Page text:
Forget the Big Brother finale or the latest instalment of Underbelly, Australia’s television event of 2013 comes with the return of everyone’s favourite (or least favourite) polarising comedian.
Chris Lilley’s Ja’mie: Private School Girl essentially picks up where we left off after Summer Heights High – it’s Ja’mie’s last year of high school, she’s the ‘quichest’ girl in grade 12 and she’s on a mission to win her school’s top prize, the Hillford medal. She’s got new arm candy in the form of year 10 rugby hottie Mitchell, and her fellow prefects are the best friends a girl could have.
I was quite skeptical when I heard about Lilley’s latest venture onto our TV screens. Personally I found Angry Boys to be hugely disappointing, and considering that this is Lilley’s third outing involving Ja’mie King, I was hoping for something a little more original. Still, I found both We Can Be Heroes and Summer Heights High to be wildly entertaining, so I was hopeful.
Has he delivered?
I’m not so sure. The first episode was fantastic, with Lilley’s trademark borderline offensive humour front and centre. It had its flaws – certain scenes were much longer than necessary, which didn’t do it any favours – but overall a very solid beginning. However, despite Ja’mie’s party of the year and the arrival of her latest “project” – nothing much happened at all in episodes two and three; the overlong scenes seem to be a recurring instance, and it’s not quite as funny as we could expect from Lilley in top form. Now we’re at the halfway point with three episodes to go, I’m wondering if the eventful year Ja’mie hinted at in episode one is going to be quite as momentous as we’d hoped for.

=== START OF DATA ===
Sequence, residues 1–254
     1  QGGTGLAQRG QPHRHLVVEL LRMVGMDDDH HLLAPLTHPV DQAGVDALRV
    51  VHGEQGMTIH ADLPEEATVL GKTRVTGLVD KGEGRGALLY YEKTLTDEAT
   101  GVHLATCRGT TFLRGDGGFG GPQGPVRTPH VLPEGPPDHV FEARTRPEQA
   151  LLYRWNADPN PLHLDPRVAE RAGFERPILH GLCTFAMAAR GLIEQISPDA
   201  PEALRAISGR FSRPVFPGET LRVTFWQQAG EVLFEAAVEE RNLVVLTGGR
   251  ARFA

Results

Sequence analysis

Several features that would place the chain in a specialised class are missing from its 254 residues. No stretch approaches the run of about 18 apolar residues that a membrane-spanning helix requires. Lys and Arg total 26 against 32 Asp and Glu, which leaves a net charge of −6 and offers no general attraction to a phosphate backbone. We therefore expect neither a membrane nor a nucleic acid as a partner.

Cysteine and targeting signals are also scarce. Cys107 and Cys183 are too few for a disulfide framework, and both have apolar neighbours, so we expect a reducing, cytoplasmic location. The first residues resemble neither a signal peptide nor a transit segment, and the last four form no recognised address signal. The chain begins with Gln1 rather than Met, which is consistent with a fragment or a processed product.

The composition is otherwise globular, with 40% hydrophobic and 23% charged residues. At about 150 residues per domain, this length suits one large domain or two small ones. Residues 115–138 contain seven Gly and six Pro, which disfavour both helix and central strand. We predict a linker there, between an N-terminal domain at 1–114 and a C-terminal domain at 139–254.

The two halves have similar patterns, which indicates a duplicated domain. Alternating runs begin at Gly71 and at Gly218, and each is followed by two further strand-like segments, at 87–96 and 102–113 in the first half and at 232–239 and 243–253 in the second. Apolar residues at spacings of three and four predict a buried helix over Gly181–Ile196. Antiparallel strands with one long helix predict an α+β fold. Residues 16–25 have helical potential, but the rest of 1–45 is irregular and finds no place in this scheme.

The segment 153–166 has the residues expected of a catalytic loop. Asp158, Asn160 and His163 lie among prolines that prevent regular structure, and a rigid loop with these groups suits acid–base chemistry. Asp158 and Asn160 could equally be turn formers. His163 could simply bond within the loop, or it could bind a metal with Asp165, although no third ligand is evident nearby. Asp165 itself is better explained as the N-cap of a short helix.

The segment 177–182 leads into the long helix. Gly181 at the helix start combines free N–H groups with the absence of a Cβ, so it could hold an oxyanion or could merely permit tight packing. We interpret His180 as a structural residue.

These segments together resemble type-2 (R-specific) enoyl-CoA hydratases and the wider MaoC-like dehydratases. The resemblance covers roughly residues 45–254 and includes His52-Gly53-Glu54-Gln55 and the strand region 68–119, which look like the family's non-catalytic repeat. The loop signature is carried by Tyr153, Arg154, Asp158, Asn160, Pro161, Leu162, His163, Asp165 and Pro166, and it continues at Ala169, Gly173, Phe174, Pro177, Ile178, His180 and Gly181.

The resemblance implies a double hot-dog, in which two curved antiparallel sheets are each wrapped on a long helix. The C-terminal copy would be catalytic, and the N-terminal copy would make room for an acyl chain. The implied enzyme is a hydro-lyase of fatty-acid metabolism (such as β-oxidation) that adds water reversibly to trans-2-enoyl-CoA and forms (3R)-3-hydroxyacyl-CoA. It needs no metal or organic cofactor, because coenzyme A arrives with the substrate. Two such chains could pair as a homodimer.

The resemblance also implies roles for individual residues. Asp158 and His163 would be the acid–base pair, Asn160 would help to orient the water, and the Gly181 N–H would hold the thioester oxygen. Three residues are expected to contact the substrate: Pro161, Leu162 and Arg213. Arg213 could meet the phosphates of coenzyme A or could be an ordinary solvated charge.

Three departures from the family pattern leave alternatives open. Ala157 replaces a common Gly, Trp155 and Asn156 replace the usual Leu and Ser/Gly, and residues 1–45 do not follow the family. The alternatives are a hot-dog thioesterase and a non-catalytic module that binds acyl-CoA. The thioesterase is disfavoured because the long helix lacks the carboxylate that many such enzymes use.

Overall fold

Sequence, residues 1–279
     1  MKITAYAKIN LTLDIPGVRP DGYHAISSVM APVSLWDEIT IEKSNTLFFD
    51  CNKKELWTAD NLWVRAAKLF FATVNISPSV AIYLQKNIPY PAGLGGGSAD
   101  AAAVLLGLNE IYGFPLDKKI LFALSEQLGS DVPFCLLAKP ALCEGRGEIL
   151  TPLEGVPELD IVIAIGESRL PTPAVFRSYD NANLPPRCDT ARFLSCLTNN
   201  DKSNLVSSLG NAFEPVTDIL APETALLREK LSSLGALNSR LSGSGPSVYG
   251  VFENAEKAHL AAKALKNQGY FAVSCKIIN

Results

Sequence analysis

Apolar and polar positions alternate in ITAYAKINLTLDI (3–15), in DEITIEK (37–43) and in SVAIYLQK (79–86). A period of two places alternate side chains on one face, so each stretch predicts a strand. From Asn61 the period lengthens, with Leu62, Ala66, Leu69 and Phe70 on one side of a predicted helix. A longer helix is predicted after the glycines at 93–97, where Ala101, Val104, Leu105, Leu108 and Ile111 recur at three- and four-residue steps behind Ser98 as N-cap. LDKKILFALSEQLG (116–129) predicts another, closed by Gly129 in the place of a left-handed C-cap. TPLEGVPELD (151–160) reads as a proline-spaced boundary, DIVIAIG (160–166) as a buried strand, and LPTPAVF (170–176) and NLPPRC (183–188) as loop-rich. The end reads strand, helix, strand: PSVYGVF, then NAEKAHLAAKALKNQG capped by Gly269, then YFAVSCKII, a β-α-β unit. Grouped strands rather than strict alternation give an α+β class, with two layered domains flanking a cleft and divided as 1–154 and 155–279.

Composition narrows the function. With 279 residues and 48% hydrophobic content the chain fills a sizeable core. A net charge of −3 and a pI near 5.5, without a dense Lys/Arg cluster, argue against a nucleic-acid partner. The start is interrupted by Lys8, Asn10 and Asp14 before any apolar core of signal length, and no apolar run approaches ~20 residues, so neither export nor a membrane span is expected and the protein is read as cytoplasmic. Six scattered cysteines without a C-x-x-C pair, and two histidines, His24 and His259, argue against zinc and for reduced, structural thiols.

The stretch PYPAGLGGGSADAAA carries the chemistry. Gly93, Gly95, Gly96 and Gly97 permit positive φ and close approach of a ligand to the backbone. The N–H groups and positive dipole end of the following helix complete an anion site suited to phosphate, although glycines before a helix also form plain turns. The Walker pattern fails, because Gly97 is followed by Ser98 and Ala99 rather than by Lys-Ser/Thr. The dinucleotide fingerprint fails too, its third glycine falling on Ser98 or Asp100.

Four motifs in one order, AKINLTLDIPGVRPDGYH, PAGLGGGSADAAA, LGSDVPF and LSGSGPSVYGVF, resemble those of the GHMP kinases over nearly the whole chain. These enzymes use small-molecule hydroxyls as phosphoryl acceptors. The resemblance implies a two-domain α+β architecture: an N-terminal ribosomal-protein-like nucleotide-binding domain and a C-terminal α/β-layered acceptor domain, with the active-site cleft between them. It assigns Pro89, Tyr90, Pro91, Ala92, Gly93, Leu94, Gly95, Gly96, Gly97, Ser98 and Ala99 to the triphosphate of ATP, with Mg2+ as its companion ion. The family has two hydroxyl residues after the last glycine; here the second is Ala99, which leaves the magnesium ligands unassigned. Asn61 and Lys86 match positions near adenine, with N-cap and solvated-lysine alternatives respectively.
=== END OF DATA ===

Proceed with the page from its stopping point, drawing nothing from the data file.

One interesting talking point about Private School Girl is the fact that it’s a co-production between the ABC and HBO in the US. Considering the way Australian humour usually fares to overseas audiences (we all remember how US Kath and Kim turned out), I find it bizarre that his shows have been adopted by the rest of the world. But Chris Lilley’s success is a testament to how universal his portrait of the self-obsessed teenage girl really is. The main complaint I hear from Lilley’s critics is that Ja’mie is insufferable to watch – but as annoying as you might find the character, take it from someone who lived through the private girls school environment and know that it’s absolutely dead on. My sister came home from school the day after the premiere and announced that the entire student population had already adopted quiche as their latest buzzword. It’s grating to watch, as teenage girls can often be, and I don’t think I’ve ever seen a show portray this so candidly.
So for me, Private School Girl sits somewhere below Summer Heights High and miles above Angry Boys; it’s been enjoyable so far but here’s hoping Chris Lilley delivers something truly special before the season is done.
Review Score: THREE STARS (OUT OF FIVE)
Ja’mie: Private School Girl continues Wednesday nights on ABC1.